Traditional retail stores may be headed the way of the newspaper: valuable to a niche, but a “difficult” investment for the majority, which will turn instead to — where else? — Amazon.
That’s according to New York University professor Scott Galloway, who founded the New York business consultancy L2. Galloway predicted that Amazon could multiply the average annual spending of Prime households from today’s $1,300 to $7,000 or more, propelling the eCommerce company to a $1 trillion market cap before either Google or Apple reach the mark.
On this week’s episode of the podcast Recode Decode, Galloway told host Kara Swisher that America has become oversaturated with stores, and all of that is about to come crumbling down around retailers ears due to stagnant middle-class wages; a cultural transition away from things and toward experiences; and the fast, easy availability of pretty much any kind of consumer good from, yep, Amazon.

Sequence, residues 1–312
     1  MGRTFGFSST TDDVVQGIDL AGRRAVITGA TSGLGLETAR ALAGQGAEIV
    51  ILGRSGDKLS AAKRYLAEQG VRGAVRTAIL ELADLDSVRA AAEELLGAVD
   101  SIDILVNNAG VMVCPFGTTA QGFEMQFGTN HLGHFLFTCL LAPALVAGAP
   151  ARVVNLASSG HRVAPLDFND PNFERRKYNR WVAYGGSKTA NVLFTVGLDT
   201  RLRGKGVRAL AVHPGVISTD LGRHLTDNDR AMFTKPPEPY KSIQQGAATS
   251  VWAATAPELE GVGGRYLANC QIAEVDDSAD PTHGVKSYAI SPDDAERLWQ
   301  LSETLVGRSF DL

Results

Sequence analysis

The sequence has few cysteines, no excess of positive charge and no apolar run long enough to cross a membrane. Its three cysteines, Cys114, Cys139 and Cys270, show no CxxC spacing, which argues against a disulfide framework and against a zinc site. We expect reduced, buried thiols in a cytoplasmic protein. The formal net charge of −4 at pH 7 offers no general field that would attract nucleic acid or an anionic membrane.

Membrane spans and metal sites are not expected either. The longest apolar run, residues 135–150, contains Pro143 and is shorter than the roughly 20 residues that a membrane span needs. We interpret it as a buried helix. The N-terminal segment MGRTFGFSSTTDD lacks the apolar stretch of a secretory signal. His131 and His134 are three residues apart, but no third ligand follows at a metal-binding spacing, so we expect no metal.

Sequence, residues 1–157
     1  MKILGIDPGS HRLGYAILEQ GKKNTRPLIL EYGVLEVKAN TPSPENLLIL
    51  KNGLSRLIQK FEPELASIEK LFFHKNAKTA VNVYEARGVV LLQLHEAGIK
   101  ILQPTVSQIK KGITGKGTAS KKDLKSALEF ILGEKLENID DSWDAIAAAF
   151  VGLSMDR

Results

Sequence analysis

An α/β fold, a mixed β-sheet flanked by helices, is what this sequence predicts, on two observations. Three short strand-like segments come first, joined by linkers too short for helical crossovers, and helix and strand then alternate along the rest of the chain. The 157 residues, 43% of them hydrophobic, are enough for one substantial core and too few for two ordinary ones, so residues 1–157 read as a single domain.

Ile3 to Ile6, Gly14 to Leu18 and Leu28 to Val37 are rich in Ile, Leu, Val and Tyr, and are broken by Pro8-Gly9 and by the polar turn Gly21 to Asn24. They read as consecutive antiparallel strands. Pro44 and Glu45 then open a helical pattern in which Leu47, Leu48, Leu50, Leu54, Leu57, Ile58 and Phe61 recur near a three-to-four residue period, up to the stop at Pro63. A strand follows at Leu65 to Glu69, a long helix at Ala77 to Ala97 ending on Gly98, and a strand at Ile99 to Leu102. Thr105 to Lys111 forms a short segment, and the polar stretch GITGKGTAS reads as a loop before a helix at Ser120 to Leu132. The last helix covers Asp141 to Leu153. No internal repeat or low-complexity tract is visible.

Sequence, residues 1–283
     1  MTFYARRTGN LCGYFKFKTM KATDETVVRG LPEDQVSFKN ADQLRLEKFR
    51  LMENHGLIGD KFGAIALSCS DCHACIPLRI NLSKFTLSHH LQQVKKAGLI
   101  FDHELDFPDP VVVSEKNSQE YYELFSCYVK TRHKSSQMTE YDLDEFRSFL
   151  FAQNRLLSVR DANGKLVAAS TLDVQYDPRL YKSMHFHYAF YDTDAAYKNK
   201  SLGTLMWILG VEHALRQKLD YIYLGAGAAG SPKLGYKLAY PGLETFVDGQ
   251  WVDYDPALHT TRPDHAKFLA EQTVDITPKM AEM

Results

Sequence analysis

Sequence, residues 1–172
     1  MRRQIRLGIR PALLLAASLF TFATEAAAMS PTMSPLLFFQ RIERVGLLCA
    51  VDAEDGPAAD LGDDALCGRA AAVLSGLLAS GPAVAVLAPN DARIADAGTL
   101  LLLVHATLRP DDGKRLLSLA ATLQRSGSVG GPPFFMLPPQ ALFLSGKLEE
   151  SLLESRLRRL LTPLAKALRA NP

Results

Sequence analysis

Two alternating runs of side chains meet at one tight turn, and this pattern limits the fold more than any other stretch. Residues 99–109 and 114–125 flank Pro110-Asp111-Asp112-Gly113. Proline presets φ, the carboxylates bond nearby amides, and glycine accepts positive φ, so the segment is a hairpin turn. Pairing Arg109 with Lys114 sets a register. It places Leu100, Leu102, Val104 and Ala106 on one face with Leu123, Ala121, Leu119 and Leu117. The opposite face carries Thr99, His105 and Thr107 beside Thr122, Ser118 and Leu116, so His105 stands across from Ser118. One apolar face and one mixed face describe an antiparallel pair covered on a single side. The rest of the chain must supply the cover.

It’s not that Amazon is killing retail, per se. But there’s no denying that the eCommerce giant stands ready to capture more than 90 percent of purchase transactions, from books to groceries to fashion, that consumers find tedious. Galloway predicted that companies that “deliver joy” (such as Ray Ban, Porsche, Manolo Blahnik) will weather the reckoning and the rest will slowly buckle.
The crumbling of retail will pull the rug out from under millions of cashiers as retailers look to “optimize their stores” — “which is code for ‘fire people,’” Galloway said. Three million of America’s 11 million cashiers stand to lose their jobs just from grocery store cutbacks, he said. He also predicts that 40 million shareholders in Gap and Walmart will be wishing they’d invested their money elsewhere.
“You’re effectively seeing this giant sucking sound out of the entire retail ecosystem into a small number of players,” said Galloway.